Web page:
A sudden fall for an FBI director once seen as above the fray and untouchable
Donald Trump, on just his third day as president, was closing his remarks lauding law enforcement officers at a White House reception when he spied a hard-to-miss figure.
“Oh, there’s Jim!” Trump exclaimed as the 6-foot-8 FBI director, James B. Comey, loped across the Blue Room for a presidential hug. “He’s become more famous than me!”
Neither man could imagine how soon Trump would add to Comey’s fame — or infamy — with the president’s stunning sacking on Tuesday of the man leading the investigation of possible ties of Trump campaign officials to Russian meddling in the 2016 election.
Comey gained fame long before Trump, and long before the director’s fumbling leadership last year of the FBI inquiry into Hillary Clinton’s handling of her emails as secretary of State.
But from Comey’s initial celebrity during the George W. Bush administration to the recent controversies, few officials have gone from such heights of public regard to such depths of bipartisan opprobrium, from an image of white knight to one of self-righteous knave.
Comey first became widely known for his actions on a winter night in March 2004 when he dramatically stood up to top Bush administration officials over a domestic surveillance order.
Comey was deputy attorney general, the No. 2 official at the Justice Department, but in March he was heading the agency while Atty. Gen. John Ashcroft recovered from surgery in a hospital near the White House. As acting attorney general, Comey refused to certify as legal a presidential order for warrantless domestic surveillance. So President Bush’s White House counsel, Alberto R. Gonzales, and chief of staff, Andrew H. Card Jr., secretly went to the hospital to secure a signature from the enfeebled, barely conscious Ashcroft.
Comey got wind of the gambit and sped to the hospital. There he prevented the senior White House officials from carrying out their plan. Comey subsequently threatened to resign, but he remained at Justice after a private meeting with Bush, who agreed to make changes to the surveillance order that satisfied Comey and the FBI director at the time, Robert S. Mueller III.
Despite his Republican pedigree, Comey was selected by President Obama to replace Mueller atop the FBI in 2013, in part because of his reputation for independence and integrity. The Senate easily confirmed him.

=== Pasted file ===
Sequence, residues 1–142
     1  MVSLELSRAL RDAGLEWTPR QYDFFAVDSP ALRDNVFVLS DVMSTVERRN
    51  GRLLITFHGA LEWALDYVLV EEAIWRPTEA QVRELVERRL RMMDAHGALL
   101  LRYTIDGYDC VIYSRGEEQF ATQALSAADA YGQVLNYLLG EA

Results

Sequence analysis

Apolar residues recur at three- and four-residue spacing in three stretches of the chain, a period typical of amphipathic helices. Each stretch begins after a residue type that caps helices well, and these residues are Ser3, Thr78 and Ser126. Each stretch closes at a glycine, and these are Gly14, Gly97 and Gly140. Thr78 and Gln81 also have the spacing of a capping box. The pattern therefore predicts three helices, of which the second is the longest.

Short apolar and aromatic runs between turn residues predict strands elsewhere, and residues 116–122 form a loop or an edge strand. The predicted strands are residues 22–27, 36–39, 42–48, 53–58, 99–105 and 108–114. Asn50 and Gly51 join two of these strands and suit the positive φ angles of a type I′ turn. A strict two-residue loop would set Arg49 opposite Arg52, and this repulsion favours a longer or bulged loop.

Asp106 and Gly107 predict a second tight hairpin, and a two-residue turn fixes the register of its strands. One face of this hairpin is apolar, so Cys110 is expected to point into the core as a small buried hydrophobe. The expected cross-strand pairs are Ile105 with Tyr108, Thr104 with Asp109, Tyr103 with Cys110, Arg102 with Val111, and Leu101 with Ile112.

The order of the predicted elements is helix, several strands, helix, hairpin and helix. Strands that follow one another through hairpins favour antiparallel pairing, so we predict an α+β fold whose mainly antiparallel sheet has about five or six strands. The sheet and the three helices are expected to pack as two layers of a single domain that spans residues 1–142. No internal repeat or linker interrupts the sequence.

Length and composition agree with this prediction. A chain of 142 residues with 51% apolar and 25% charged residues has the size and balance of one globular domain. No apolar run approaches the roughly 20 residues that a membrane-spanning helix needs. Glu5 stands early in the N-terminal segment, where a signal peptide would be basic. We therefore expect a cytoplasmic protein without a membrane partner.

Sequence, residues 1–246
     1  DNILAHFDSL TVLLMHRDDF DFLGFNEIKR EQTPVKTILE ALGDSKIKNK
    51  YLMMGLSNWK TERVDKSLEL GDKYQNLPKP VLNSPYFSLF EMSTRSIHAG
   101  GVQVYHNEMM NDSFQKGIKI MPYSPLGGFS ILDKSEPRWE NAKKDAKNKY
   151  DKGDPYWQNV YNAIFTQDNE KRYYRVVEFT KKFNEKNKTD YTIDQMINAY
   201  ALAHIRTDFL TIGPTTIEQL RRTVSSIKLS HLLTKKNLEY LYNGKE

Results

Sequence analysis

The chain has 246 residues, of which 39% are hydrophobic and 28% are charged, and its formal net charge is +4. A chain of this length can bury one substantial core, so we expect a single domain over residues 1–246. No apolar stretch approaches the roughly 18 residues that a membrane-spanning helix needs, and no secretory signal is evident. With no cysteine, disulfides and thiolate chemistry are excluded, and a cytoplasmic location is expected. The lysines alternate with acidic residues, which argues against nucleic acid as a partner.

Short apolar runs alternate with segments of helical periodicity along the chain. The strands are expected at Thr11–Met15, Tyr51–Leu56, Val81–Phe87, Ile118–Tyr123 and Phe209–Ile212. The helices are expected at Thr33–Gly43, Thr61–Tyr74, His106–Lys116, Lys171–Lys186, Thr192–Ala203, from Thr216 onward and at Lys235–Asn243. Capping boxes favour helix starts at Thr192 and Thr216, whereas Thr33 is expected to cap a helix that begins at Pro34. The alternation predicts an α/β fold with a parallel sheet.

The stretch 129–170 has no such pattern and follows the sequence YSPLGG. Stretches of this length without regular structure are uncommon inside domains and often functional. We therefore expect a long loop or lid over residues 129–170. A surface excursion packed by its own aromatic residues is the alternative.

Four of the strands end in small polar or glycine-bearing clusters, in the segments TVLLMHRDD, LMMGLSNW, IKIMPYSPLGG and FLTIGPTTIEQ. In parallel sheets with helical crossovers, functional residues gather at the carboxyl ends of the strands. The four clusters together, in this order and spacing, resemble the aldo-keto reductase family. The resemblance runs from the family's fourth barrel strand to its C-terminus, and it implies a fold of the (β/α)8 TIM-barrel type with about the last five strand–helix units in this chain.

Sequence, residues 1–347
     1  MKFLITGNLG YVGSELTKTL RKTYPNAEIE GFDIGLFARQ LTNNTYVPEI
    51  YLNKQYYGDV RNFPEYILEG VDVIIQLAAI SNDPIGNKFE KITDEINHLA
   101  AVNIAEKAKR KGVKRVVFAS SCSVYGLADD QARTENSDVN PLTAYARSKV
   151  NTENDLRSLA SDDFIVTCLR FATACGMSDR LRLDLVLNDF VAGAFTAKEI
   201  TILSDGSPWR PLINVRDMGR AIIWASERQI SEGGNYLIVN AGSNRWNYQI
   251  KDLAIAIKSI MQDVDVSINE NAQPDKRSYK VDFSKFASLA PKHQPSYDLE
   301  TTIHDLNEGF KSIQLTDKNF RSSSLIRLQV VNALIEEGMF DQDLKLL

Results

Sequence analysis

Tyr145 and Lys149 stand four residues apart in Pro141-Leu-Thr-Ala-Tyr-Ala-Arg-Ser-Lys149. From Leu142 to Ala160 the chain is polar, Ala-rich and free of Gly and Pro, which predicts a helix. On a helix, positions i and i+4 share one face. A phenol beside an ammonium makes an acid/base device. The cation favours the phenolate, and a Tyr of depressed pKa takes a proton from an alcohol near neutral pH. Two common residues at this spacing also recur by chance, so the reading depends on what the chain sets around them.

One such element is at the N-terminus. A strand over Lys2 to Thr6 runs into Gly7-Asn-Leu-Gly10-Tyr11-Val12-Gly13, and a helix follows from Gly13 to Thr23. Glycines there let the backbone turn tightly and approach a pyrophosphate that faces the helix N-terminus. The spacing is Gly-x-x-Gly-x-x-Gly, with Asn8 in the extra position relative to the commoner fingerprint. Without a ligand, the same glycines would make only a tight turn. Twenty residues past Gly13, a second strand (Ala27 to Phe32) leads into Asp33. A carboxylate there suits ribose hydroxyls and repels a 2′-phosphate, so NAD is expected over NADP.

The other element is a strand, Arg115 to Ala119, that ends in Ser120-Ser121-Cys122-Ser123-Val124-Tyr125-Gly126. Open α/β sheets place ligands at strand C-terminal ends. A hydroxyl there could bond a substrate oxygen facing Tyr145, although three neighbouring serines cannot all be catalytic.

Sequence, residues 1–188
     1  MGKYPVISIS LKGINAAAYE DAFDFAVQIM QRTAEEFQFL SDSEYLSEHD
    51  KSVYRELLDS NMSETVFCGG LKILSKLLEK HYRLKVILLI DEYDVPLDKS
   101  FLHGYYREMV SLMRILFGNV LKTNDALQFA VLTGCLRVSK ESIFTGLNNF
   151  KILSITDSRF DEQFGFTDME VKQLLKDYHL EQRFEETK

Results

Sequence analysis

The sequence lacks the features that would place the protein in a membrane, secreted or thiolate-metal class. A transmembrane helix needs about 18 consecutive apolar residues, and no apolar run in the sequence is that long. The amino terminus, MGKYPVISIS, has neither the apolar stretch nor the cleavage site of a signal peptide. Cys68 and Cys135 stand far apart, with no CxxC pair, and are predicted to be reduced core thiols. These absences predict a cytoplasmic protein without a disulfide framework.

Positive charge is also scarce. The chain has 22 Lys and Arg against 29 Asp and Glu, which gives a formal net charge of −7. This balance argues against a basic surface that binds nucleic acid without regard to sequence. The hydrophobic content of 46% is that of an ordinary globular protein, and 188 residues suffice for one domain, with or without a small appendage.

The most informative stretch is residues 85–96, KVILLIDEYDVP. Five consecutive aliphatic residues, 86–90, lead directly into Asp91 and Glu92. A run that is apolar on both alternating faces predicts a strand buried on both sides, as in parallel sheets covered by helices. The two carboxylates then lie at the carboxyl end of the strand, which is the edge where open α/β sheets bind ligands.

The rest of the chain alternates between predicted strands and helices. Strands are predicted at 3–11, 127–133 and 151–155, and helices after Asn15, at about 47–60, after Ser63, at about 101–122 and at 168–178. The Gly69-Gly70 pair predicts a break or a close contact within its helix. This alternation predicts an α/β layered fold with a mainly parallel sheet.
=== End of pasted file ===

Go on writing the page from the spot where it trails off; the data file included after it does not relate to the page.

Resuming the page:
At the bureau, Comey brought to the job long experience as a federal prosecutor, handling cases as diverse as white-collar crime, official corruption and terrorist acts.
But that image for personal and professional rectitude largely unraveled amid his handling of the Clinton investigation, leaving him with few friends in either political party.
Born in New York City and raised in New Jersey, Comey, 56, graduated from William and Mary College, where he studied religion and chemistry. He got a law degree from the University of Chicago. Early in his career he worked in the U.S. attorney’s office for the Southern District of New York, a fiefdom he would later head.
Twice he was involved in earlier Clinton-related investigations. During the Clinton administration, Comey was a counsel to the Senate committee investigating the Clintons’ Whitewater land deal in Arkansas years earlier, and after Bill Clinton left office, Comey was involved in investigating Clinton’s pardon of a fugitive tax evader, the husband of a Clinton donor.
In 2002, George W. Bush named Comey as the U.S. attorney for the Southern District of New York and in December 2003 promoted him to be deputy attorney general. Both posts required Senate confirmation. In 2005, Comey left Justice, and in the years before Obama tapped him for the FBI, he worked as counsel at Lockheed Martin and then Bridgewater Associates, an investment management firm.
His role in the 2016 campaign in investigating Hillary Clinton’s handling of classified material pleased neither side in the election. She has joined many other Democrats in blaming Comey, in part, for her loss. And Trump attacked him last summer for deciding not to seek a criminal prosecution of Clinton. Trump lauded the FBI director for reopening the Clinton case just before the election, only to condemn him for then clearing her again.
After his election, Trump said he hadn’t decided whether to ask Comey to resign. By a law passed after the Watergate era in response to Richard Nixon’s firing of his attorney general amid the scandal probe investigation, the FBI director has a 10-year term that straddles presidencies, to minimize political interference. Days after the inauguration, Comey spread word that Trump had asked him to stay on.
But the tension between the two developed, particularly after Comey disclosed the inquiry into the possible collusion between the Trump campaign and Russia, a story Trump has tried to dismiss as fake.
On May 2, Trump tweeted, “FBI Director Comey was the best thing that ever happened to Hillary Clinton in that he gave her a free pass for many bad deeds!”
The next day White House Press Secretary Sean Spicer said the president remained confident in the FBI director. Yet by Tuesday, Comey was fired and Spicer’s deputy, Sarah Huckabee Sanders, said the reason was simple.
“Here’s the bottom line: Comey had lost the confidence across the board — from House members, from Senate members, from rank-and-file members of the FBI and the American public,” she said. “When you have that happen, you can’t serve in that capacity.”
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